Saturday, 28 November 2009


This extract from an attempt to storm a fort could be translated to a sea battle.

A boarding action could have closely resembled the storming of a wall as described here.

From The Civil Wars by Appian Book 5 36-37

He took an abundance of iron tools, for wall fighting, and ladders of every form. He carried machines for filling the ditches, and folding towers from which planks could be let down to the walls; also all kinds of missiles and stones, and wickerwork to be thrown upon the palisades. They made a violent assault, filled up the ditch, scaled the palisades, and advanced to the walls, which some of them undermined, while others applied the ladders, and others simultaneously moved up the towers and defended themselves with stones, arrows, and leaden balls, with absolute contempt of death. This was done at many different places, and the enemy being drawn in many different directions made a more feeble resistance.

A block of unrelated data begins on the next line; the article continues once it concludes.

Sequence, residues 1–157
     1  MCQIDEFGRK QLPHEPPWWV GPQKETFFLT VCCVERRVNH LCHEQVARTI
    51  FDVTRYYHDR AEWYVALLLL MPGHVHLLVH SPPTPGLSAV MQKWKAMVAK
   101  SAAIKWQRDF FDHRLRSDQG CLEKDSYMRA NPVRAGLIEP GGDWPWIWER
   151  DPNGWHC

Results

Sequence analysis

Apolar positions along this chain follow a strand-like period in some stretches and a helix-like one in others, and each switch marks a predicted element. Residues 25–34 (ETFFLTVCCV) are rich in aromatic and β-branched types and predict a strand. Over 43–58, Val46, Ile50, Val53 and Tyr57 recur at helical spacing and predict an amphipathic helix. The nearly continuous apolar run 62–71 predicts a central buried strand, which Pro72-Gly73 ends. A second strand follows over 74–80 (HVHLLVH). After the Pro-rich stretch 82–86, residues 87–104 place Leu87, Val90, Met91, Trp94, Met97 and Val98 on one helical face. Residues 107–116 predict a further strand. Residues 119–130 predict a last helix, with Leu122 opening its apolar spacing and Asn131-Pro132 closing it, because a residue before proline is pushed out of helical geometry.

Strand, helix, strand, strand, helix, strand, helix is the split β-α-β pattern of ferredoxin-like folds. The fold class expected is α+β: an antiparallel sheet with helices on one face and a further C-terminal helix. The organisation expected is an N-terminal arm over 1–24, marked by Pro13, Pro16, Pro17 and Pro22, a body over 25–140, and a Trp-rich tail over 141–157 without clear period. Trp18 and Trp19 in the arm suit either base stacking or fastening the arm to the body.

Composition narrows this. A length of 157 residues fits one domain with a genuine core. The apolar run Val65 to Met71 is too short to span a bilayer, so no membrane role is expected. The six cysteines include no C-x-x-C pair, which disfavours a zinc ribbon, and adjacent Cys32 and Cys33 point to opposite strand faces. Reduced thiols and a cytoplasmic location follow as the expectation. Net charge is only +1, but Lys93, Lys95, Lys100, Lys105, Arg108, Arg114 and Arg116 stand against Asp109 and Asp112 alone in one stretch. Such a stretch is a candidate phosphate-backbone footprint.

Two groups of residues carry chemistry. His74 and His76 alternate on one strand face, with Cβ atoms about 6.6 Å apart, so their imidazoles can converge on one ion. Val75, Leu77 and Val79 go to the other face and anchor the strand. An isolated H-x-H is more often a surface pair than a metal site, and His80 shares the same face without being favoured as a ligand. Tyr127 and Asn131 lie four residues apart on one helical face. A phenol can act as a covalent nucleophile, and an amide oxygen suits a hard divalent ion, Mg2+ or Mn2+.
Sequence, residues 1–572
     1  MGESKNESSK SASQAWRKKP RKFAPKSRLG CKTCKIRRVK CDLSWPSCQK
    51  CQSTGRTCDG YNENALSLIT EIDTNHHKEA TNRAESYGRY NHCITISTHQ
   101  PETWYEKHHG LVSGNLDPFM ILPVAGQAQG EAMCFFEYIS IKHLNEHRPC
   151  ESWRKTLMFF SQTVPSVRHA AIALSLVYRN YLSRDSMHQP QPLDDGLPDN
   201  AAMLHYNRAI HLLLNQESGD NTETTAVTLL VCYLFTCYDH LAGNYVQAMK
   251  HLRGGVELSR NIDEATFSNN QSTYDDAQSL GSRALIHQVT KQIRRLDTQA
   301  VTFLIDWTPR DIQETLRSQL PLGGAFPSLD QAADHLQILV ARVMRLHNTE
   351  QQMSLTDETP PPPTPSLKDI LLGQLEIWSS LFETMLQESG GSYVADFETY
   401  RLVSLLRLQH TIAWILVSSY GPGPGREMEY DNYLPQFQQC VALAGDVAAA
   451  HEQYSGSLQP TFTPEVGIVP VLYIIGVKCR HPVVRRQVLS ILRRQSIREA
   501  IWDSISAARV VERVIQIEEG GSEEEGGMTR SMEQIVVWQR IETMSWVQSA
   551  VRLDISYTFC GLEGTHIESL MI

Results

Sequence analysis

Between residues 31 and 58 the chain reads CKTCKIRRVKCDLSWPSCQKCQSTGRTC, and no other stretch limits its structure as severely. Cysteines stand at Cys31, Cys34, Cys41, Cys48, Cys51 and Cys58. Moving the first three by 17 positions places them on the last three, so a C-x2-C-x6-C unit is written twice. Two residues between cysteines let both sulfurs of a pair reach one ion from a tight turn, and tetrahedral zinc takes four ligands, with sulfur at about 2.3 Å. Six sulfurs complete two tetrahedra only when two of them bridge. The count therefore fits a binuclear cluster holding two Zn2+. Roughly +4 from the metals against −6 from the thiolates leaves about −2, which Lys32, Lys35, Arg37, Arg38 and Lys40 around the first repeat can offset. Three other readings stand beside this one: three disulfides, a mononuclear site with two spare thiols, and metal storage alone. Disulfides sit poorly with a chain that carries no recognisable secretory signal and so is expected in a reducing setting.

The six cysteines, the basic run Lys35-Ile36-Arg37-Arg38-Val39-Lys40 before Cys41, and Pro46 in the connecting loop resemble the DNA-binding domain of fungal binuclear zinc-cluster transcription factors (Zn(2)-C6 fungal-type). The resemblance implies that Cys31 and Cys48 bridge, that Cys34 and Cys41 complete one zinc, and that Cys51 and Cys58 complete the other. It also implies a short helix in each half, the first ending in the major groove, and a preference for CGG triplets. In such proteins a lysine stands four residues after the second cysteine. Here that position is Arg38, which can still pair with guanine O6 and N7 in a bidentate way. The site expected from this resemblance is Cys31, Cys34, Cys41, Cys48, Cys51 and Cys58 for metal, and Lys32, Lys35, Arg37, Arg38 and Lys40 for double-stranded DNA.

37 The planks having been thrown upon the walls at some places, the struggle became very hazardous, for the forces of Lucius fighting on the bridges were exposed to missiles and javelins on every side. They forced their way, nevertheless, and a few leaped over the wall.

The precarious nature of the enterprise is very obvious here. The Roman raven can be seen as a device which sought to make boarding a more deliberate procedure which could become a straight fight. Time and again the contrast is made between fighting a sea battle and 'fighting a land battle at sea'. When the 'land battle at sea' develops it is usually because some circumstance limits the other side's mobility. The fight takes place in restricted sea space against a shore or in a strait or one side is surrounded.

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